The European Union’s (EU) Just Transition Mechanism (JTM), for example, provides grants for regions under its jurisdiction that pursue economic diversification or reconversion by prescribing national co-financing. JTF has a €17.5 billion (US$ 19 billion) fund coming mainly from the EU’s budget, and aims to leverage a total investment of €30 billion (US$ 32.45 billion). The EU’s InvestEU, with €26.2 billion (US$ 28.34 billion) of private investment guarantees, aims to leverage US$ 372 billion from the private sector, for sustainable investment, green growth and employment, and economic recovery from the Covid-19 pandemic. Similarly, Australia’s National Reconstruction Fund (NRF) provides AUD 15 billion (US$ 10 billion) for investments aimed at diversifying and transforming its industry and economy, disbursed as loans, equity investments, and guarantees.
Scotland’s JTF provides a good example of the bottom-up approach to financing. Some portions of the fund require a participatory budgeting process. So too, Australia’s NRF conducts consultations and engagements with industries, unions, communities, and local governments, and is developing co-investment plans based on them.
The Just Energy Transition Partnership (JETP), first suggested at the Conference of the Parties (COP) on climate change in Glasgow in November 2021, is a mechanism to foster such transition in developing countries through multilateral financing by developed ones. France, Germany, the EU, the UK and the US jointly support JETPs with developing countries, under the aegis of the International Partners Group (IPG). So far, three countries—South Africa, Indonesia (which are members of G20) and Vietnam—have entered into JETPs with the IPG. Budgets are set for each developing country, and they have to formulate their own tailored comprehensive investment and policy plan and resource mobilisation plan for any excess amount required. But JETPs should also consider aforementioned components and mechanisms where the affected communities and workers’ needs can be addressed.
Transitioning to a low-carbon economic system is a massive challenge. With carbon-intensive industries entrenched, transitioning will be painful—economically, socially, culturally, and politically. To address the needs of affected regions, considerable investment is needed—often overlooked in current climate financing models. There is a need to shift to just transition financing in keeping with the concept of justice. It means paying greater attention to enhancing adaptation capacity. The financing should also be a bottom-up approach focused on developing the local community’s livelihoods, through transparent social dialogue and institutional representation.
A just energy transition partnership should focus not only on financing climate mitigation, but also on enhancing human resources capacity, economic diversification, and other supporting infrastructure. So far, it appears that recipient countries have been paying less attention to addressing socioeconomic impacts on workers and communities. In South Africa, for example, out of the US$ 8.5 billion pledged by the IPG, only US$ 50 million is allocated to skill development, economic diversification, and social investment. This is small compared to the total budget, as well as to other mechanisms such as the EU’s JTM and Australia’s NRF.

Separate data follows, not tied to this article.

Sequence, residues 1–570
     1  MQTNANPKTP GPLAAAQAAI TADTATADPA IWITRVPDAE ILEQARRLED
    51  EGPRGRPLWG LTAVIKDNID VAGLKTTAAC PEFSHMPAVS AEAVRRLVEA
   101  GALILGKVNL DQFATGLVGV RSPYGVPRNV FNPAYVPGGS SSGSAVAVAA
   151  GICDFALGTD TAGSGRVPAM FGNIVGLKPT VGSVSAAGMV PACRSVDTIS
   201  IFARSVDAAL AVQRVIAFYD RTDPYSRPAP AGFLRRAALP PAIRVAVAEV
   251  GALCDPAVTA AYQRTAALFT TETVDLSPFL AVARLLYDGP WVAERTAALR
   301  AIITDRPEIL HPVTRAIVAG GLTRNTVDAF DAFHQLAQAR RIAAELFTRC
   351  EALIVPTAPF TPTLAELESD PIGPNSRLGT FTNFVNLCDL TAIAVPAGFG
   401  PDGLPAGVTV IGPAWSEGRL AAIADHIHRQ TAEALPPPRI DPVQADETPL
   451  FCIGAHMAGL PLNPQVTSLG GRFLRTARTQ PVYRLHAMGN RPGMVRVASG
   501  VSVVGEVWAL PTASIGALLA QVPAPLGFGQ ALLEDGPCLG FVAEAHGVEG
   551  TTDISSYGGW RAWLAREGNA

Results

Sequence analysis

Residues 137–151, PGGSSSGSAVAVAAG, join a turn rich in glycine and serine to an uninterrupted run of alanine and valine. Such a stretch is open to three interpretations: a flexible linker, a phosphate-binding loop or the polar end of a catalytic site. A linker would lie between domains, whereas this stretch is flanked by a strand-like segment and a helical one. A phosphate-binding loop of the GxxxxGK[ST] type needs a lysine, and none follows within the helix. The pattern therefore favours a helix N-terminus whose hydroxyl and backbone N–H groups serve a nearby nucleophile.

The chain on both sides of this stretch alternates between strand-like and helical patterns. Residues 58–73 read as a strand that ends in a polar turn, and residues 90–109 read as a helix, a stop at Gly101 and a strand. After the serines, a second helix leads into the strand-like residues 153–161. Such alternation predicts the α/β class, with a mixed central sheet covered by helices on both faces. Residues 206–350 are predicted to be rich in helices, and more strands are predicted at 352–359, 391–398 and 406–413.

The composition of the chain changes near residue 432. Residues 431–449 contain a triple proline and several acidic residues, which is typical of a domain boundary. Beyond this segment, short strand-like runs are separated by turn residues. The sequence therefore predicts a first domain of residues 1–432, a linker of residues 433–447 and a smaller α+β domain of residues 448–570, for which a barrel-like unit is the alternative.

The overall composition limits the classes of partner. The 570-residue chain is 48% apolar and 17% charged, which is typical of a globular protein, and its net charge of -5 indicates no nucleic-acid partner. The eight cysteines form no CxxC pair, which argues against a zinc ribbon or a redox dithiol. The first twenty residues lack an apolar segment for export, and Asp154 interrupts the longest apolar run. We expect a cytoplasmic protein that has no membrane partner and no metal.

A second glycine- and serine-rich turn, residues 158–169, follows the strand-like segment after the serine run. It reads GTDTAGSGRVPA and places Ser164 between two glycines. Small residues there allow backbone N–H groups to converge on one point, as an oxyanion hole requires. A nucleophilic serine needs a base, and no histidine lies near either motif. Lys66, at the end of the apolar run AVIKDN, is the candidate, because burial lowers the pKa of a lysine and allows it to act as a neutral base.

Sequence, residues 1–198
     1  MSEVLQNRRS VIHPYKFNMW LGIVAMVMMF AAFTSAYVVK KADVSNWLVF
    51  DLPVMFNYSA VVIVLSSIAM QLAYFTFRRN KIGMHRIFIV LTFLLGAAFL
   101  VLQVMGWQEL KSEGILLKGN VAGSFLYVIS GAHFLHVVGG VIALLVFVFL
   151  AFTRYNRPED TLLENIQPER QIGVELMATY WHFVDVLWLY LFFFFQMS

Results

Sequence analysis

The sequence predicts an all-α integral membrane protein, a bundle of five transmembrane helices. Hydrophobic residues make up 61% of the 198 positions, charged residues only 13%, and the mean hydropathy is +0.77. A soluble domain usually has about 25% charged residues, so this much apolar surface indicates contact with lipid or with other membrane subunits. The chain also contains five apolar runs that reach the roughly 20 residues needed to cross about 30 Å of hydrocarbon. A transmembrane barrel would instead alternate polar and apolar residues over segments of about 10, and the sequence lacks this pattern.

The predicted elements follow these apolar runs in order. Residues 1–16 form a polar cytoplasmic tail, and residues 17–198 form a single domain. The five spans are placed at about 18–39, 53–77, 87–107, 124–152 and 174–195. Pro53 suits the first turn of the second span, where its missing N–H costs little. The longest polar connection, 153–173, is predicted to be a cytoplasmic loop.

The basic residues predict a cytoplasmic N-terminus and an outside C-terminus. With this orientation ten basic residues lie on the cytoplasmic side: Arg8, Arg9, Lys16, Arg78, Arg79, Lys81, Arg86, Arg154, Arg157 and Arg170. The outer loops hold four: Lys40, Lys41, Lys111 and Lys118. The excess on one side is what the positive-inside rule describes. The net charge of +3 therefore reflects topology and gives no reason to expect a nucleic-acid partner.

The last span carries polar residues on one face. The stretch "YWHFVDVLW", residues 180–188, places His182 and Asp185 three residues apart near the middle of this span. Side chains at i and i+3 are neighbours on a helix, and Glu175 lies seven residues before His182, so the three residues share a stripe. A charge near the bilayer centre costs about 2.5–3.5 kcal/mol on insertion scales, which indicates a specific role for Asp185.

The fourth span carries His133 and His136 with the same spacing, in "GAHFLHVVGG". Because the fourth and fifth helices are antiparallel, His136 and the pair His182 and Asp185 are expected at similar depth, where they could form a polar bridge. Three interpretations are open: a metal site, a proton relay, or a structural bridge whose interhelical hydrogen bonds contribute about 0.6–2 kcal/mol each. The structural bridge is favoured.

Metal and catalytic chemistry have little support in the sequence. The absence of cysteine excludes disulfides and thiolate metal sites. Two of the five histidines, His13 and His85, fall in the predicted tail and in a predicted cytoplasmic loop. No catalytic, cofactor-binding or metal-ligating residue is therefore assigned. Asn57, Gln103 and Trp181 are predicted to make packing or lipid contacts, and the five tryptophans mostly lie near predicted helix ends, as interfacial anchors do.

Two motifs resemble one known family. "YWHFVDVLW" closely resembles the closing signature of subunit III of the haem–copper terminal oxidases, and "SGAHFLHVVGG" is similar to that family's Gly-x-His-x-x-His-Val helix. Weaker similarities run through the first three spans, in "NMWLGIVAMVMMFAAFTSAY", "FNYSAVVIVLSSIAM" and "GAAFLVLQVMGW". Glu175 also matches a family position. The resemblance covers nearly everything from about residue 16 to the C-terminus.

Just transition will continue to gain traction in global climate action, as governments realise the need to take measures to counter impacts that go beyond fossil fuel retirement and loss of jobs. Governments, including local governments, hold the primary responsibility to put forward both policy and financial frameworks to accelerate just transition. The G20 should play a leading role in shaping and mainstreaming just transition.
Table 1. Examples of Just Transition Financing
|No||Mechanism||Source of Funds||Financing Model||Description|
EU’s Just Transition Mechanism
EU’s 2021-2027 budget and European Recovery Instrument, plus voluntary contributions (total €17.5 billion)
EU guarantee budget (€26.2 billion to leverage €372 billion of public and private investment)
EU budget and European Investment Bank
Primarily provides grants with national co-financing
Combined grants and loans
Supports economic diversification and reconversion (e.g. backing up productive investment by SMEs, new firms’ creation, R&D, up-skilling and re-skilling of workers, job seeker assistance programmes, early retirement schemes)
Sustainable infrastructures; research, innovation, and digitisation; SME businesses; and social investments and skills. Primarily private investments
Supports projects by public entities that are not commercially feasible (e.g. energy infrastructure, public transport, and other social infrastructure)
|2||Australia’s National Reconstruction Fund||Federal budget (AUD 15 billion) with co-investment by industry||Loans, equity investments, and guarantees||Aims to create a diverse economic system for sustainable, high-value jobs. Priority areas include renewables and low-carbon technologies, value-add in agriculture, forestry, fisheries, and other enabling capacity investments.|